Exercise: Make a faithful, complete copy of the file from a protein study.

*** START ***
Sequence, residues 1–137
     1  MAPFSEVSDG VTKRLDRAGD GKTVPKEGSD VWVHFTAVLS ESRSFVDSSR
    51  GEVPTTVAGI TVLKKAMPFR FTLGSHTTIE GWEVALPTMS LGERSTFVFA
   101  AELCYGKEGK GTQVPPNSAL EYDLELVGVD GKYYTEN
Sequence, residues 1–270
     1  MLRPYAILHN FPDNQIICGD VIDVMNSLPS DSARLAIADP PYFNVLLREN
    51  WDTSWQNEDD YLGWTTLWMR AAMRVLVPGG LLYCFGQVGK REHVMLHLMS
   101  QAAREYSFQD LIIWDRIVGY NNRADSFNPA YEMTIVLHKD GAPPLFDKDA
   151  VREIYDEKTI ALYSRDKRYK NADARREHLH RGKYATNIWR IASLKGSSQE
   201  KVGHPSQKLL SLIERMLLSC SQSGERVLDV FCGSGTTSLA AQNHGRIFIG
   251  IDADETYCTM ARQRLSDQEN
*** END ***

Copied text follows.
Sequence, residues 1–137
     1  MAPFSEVSDG VTKRLDRAGD GKTVPKEGSD VWVHFTAVLS ESRSFVDSSR
    51  GEVPTTVAGI TVLKKAMPFR FTLGSHTTIE GWEVALPTMS LGERSTFVFA
   101  AELCYGKEGK GTQVPPNSAL EYDLELVGVD GKYYTEN
Sequence, residues 1–270
     1  MLRPYAILHN FPDNQIICGD VIDVMNSLPS DSARLAIADP PYFNVLLREN
    51  WDTSWQNEDD YLGWTTLWMR AAMRVLVPGG LLYCFGQVGK REHVMLHLMS
   101  QAAREYSFQD LIIWDRIVGY NNRADSFNPA YEMTIVLHKD GAPPLFDKDA
   151  VREIYDEKTI ALYSRDKRYK NADARREHLH RGKYATNIWR IASLKGSSQE
   201  KVGHPSQKLL SLIERMLLSC SQSGERVLDV FCGSGTTSLA AQNHGRIFIG
   251  IDADETYCTM ARQRLSDQEN